Posts on Feb 2017

“A Woman’s Job:” A New Original Series from Newsy

Newsy has a new series called “A Woman’s Job.” The series will showcase women succeeding in traditionally male-dominated fields.

Here is the series synopsis:

“These are the women redefining what womanhood means. Pioneers, paving their own way in what people think is a man’s world. On the farm, in the arena and under the hood, “A Woman’s Job” profiles women who are killing it in male-dominated jobs.”

About The Episodes:

Experience a day in the life of women working in male-dominated jobs.

Subjects include:

  • March 8 (Wednesday) – Jen Welter, first female full-time NFL coach
  • March 15 – Patrice Banks, mechanic and founder of Girls Auto Clinic
  • March 22 – Anne Briggs Bohnett, woodworker and farmer
  • March 29 – Erica Douglas, chemist
  • April 5 – Lisa Geertsen, blacksmith
  • April 12 – Mary Sue Milliken and Susan Feniger, executive chef

 

Watch the Trailer

You can watch the series on Sling TV beginning on International Women’s Day (March 8th, 2017), airing at 8pm / 9pm ET. Not a Sling Subscriber? Sign up hereRead more and comment

“Six Going on Sixteen”

Rachael Kline | Marketing Specialist
Sling TV LLC

A six-year-old is susceptible to many things in their new world. Discovering a favorite food, joining a t-ball league, welcoming a new sibling into the world, a favorite Disney Channel character. Skewed gendered beliefs about themselves should not be on this list, but in today’s world, this is an alarming reality.

                A study conducted by The University of Illinois yielded stark results pointing to a fundamental transformation occurring with females between the ages of 5 and 6. At age 5, both boys and girls associate brilliance with their own gender. Beginning at age 6, a shift occurs where young girls begin associating “smart” and “really smart” character traits to men, rather than their own gender. Interestingly, when girls in the study were prompted to play one of two games, either: a game for the “really, really smart” or game 2, for those who “try really, really hard.” The study notes that, “at the age of 5, girls and boys were equally attracted to both games. But among those aged 6 or older, the girls were less interested than the boys in the game for smart kids, but not the one for

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Special Screening: Hidden Figures

-THIS EVENT HAS PASSED-

It’s our pleasure to announce a special full-feature screening of the Oscar-nominated film, Hidden Figures, presented by FOX. This screening is a FREE event for DISH Women’s Network members.

Doors open at 6PM, and the screening will begin at 6:30PM on Thursday, February 23rd at the UA Park Meadows Theater (just 8 minutes from the office). Please confirm your availability before responding to this invite as the theater has limited seats.

If your availability does change, please notify us as soon as possible so we can give your ticket to another member of the organization.

 


About the movie:

HIDDEN FIGURES is the incredible untold story of Katherine Johnson (Taraji P. Henson), Dorothy Vaughan (Octavia Spencer) and Mary Jackson (Janelle Monáe)—brilliant African-American women working at NASA, who served as the brains behind one of the greatest operations in history: the launch of astronaut John Glenn into orbit, a stunning achievement that restored the nation’s confidence, turned around the Space Race, and galvanized the world. The visionary trio crossed all gender and race lines to inspire generations to dream big.… Read more and comment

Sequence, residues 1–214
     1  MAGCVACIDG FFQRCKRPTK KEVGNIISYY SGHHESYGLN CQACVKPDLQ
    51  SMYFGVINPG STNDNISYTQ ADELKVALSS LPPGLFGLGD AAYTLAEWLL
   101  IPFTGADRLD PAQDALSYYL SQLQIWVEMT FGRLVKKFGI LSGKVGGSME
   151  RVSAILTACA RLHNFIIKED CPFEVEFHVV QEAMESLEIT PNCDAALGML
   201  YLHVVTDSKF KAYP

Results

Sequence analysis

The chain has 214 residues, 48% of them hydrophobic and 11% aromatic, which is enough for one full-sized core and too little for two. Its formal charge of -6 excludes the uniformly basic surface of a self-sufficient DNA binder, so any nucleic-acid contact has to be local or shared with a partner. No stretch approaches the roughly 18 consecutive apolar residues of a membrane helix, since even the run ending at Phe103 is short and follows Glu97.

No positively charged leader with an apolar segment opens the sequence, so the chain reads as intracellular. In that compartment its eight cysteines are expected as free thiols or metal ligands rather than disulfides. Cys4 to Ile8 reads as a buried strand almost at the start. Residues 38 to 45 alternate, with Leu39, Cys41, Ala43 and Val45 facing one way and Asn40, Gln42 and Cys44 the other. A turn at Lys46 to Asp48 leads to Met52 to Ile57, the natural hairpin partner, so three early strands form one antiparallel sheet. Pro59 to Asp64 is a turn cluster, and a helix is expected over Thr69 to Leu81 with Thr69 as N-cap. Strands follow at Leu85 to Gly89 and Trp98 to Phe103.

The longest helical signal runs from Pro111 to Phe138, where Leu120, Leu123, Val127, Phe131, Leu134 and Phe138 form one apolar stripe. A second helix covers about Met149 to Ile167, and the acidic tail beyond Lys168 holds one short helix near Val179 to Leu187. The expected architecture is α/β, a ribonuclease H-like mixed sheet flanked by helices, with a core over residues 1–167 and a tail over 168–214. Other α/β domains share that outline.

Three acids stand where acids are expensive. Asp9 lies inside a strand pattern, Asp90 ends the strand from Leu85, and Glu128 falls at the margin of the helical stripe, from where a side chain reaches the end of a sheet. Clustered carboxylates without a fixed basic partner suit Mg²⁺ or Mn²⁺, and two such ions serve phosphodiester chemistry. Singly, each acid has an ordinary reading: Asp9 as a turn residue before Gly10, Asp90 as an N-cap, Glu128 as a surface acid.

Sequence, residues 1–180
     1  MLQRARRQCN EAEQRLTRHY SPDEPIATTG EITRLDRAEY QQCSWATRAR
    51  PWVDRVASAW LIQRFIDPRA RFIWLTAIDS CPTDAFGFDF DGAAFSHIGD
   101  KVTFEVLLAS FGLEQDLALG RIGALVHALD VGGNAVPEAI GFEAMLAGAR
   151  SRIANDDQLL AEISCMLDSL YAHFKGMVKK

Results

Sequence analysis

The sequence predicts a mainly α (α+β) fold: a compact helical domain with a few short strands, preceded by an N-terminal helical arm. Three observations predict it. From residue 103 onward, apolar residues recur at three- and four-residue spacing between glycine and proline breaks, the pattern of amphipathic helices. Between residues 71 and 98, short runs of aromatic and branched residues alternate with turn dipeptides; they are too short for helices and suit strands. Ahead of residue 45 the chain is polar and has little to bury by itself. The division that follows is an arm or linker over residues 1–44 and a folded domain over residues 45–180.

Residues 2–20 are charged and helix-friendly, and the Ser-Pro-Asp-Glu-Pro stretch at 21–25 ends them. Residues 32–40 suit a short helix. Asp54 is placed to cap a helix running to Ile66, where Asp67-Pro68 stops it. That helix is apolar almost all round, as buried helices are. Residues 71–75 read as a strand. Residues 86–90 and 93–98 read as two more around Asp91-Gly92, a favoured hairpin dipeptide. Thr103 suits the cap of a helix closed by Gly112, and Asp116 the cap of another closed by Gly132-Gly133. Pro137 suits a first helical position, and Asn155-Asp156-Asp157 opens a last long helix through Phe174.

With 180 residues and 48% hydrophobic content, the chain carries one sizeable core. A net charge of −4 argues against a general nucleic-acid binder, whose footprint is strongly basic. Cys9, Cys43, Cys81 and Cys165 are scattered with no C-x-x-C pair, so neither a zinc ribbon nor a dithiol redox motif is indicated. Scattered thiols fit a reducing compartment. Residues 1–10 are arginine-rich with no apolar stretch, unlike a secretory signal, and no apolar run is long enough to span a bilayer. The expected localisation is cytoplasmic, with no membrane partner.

Meet the Network! Be Featured on DWN’s Social Network

We would like to highlight strong and inspiring women at Dish! This is your chance to nominate women that are inspiring, strong and courageous, including yourself. Nominated women will be featured on our social media accounts. 

The nomination should include the following information: Name, email, department, and a short sentence or two about why you’re nominating this person.

To nominate an inspirational woman, email womensnetwork@dish.com.

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What do you tell your daughter?

Last night was the night we’ve been waiting for all year – for some it was the game, for others, it was the reveal of the most anticipated advertisements. For us, it wasn’t the historic comeback of the New England Patriots that gave us goosebumps, but rather was the empowering bold statements about gender equality.

The game began with “America the Beautiful” sung by the cast of Hamilton. It was a beautiful rendition to which they added a lyric to be more inclusive for all Americans, “And crown thy good with brotherhood, and sisterhood, from sea to shining sea.” They were immediately received with a roar of applause from the stands followed by camera pans to coaches and team members smiling and cheering.

The game began, the awaited commercials followed, and in the third quarter the most talked about ad aired – Audi’s Daughter Commercial. “What do I tell my daughter?” a man asks himself as he watches over his daughter gearing up to kart-race with the boys. How does he tell his daughter that she is valued less than a man because she was born female? As the race gets underway, you can see the eerie parallel

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